Loretta Pyles

Eating with Intention


[The following is an excerpt from a draft of my new book, Self-Care for Social Change: A Holistic Approach for Changemakers, Oxford Press]

Eating with Intention

Mindful eating offers an antidote to the suffering that mindless eating causes, creating an opportunity for us to reclaim our basic wisdom about food. Zen Buddhist teacher, Jan Chozen Bays (2009), explains mindful eating in the following way:

Mindful eating is an experience that engages all parts of us, our body, our heart, and our mind, in choosing, preparing, and eating food. Mindful eating involves all the senses. It immerses us in the colors, textures, scents, tastes, and even sounds of drinking and eating. It allows us to be curious and even playful as we investigate our responses to food and our inner cues to hunger and satisfaction (p. 3).

We can choose to eat more mindfully by setting a new intention for ourselves. When considering eating as a form of transformative self-care, there are a few principles to keep in mind. First, bring the six self-care capabilities to your relationship with food - observe yourself without judgment and with compassion, get curious and use your critical thinking skills, and bring discipline and effort, but do it without attachment to outcomes. As noted above, Bays invites us to be “curious and even playful as we investigate.” So, just notice your eating patterns, e.g. what times of day do you like to eat particular types of foods? Warm, creamy and sweet in the morning? Salty in the afternoon? What is happening with you and your environment when you forget to eat, or overeat? What role do history, economics, culture, and family play in all of this for you? Remember too, that at some level, you have already been taking care of yourself and trying to create balance in your system. Intentional and mindful eating is an invitation to refine your practices so that you can feel more whole, and better able to offer your best self to your community and/or clients.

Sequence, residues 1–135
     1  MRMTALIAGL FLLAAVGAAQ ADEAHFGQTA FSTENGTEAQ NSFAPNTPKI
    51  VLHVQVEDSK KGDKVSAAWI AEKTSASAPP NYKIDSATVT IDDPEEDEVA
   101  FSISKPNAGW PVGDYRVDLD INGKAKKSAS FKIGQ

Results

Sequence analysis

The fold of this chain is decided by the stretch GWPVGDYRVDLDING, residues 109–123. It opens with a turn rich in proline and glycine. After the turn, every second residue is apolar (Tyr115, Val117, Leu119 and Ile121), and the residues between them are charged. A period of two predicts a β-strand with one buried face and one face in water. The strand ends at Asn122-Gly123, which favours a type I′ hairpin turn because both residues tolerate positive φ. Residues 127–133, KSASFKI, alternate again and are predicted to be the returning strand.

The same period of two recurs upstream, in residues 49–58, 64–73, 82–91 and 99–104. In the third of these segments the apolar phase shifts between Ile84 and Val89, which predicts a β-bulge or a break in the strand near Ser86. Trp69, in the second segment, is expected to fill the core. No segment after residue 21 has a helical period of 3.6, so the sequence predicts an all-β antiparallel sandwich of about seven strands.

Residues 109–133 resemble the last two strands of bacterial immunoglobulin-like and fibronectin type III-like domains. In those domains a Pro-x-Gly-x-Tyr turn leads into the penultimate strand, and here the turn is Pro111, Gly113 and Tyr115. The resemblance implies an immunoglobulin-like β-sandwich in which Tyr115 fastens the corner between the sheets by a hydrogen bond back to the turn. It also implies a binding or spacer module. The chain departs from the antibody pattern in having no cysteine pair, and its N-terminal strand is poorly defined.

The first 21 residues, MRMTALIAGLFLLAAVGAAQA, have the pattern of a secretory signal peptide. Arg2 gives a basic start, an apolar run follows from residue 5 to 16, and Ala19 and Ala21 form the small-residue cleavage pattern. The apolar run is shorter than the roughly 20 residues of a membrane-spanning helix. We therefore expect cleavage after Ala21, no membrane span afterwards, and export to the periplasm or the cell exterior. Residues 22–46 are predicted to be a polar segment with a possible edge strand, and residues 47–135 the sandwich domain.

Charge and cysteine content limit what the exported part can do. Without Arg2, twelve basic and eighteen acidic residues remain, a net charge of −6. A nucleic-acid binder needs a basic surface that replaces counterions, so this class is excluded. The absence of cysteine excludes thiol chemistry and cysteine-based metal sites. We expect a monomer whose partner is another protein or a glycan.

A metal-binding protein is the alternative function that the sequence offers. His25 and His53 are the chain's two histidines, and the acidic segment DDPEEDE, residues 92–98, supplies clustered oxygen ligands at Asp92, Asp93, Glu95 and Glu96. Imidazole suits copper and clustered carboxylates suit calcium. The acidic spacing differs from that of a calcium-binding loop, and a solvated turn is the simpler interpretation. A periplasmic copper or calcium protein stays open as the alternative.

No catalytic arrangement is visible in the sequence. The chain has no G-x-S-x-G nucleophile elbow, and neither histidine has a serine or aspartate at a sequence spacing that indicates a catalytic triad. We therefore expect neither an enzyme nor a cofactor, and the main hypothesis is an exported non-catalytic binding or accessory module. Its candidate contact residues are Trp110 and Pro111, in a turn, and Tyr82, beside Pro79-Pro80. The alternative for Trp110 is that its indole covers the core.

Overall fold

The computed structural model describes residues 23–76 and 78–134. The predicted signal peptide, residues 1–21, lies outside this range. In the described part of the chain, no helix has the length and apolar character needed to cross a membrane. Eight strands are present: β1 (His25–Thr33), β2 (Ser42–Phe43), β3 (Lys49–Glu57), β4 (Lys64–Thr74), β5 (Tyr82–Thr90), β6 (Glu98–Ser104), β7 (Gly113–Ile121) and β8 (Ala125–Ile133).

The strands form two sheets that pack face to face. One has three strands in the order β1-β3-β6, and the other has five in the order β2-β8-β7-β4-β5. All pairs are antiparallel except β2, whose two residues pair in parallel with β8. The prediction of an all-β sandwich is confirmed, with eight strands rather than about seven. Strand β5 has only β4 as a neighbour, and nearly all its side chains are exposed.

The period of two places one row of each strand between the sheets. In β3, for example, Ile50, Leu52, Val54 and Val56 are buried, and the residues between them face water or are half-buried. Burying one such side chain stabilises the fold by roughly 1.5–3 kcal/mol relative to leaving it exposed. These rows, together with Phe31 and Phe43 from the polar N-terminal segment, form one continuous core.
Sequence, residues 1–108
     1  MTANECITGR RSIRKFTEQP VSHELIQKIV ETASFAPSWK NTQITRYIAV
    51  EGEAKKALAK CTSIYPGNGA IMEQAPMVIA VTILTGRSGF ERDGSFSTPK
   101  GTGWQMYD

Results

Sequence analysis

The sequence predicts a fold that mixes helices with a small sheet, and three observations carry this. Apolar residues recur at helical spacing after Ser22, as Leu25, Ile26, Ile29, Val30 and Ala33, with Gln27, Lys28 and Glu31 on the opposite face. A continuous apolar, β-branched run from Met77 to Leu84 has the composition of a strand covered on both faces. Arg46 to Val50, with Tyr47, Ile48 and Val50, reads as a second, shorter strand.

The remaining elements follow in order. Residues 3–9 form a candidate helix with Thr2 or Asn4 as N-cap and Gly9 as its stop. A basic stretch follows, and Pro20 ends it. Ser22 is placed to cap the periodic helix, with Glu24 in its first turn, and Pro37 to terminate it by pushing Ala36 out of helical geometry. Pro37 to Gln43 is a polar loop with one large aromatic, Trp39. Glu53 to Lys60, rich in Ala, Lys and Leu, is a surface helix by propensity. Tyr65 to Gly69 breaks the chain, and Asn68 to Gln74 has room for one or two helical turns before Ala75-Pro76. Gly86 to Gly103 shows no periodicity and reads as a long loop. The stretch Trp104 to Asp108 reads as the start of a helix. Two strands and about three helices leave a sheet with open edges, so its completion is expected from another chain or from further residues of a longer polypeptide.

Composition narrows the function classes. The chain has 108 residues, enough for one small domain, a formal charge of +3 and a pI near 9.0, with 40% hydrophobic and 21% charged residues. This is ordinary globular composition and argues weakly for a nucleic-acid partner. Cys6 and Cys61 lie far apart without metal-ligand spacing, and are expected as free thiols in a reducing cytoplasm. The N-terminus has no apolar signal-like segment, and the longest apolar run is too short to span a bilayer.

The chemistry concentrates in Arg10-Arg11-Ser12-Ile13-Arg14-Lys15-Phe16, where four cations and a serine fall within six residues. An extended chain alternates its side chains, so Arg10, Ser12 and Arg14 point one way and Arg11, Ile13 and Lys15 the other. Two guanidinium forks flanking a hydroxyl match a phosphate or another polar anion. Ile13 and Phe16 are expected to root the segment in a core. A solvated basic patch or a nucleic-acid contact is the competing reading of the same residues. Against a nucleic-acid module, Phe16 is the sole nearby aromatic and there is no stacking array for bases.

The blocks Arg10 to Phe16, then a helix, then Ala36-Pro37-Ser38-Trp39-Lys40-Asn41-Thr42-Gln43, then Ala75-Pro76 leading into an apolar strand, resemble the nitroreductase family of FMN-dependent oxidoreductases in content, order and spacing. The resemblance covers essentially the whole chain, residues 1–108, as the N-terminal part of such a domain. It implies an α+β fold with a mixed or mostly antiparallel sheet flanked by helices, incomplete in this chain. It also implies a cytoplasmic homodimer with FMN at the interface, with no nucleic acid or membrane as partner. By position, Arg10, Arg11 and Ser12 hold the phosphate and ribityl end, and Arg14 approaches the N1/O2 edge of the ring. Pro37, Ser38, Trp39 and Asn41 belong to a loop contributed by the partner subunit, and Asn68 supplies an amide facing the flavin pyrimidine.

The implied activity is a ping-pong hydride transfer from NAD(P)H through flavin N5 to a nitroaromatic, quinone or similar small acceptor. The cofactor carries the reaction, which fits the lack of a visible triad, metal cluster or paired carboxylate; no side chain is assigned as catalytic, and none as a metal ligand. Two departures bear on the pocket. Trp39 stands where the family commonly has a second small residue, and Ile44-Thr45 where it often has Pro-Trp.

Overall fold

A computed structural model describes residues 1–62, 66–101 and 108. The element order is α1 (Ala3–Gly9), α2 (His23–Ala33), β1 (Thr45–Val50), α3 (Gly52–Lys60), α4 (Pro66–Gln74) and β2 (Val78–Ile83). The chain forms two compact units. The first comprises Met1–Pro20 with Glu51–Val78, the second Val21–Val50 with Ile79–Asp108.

Also, notice what foods make you feel in balance and what foods make you feel out of balance. This requires mindfulness and refinement of the skill of interoception, asking you to feel into your internal processes such as your mood, digestion, and even your bowel movements in relation to the food you eat and how you eat. You may find it helpful to keep a food journal and track your daily intake of food and beverages, including the time of day, noting your thoughts and feelings before and after you eat. Some people may find enlisting the help of a friend or partner, support group, holistic nutritionist, or other medical professional necessary or helpful. You may want to create a mindful or healthy eating community in your social services or social action organization that you work or volunteer in. Remember to cultivate curiosity and non-judgment, as opposed to domination and deprivation.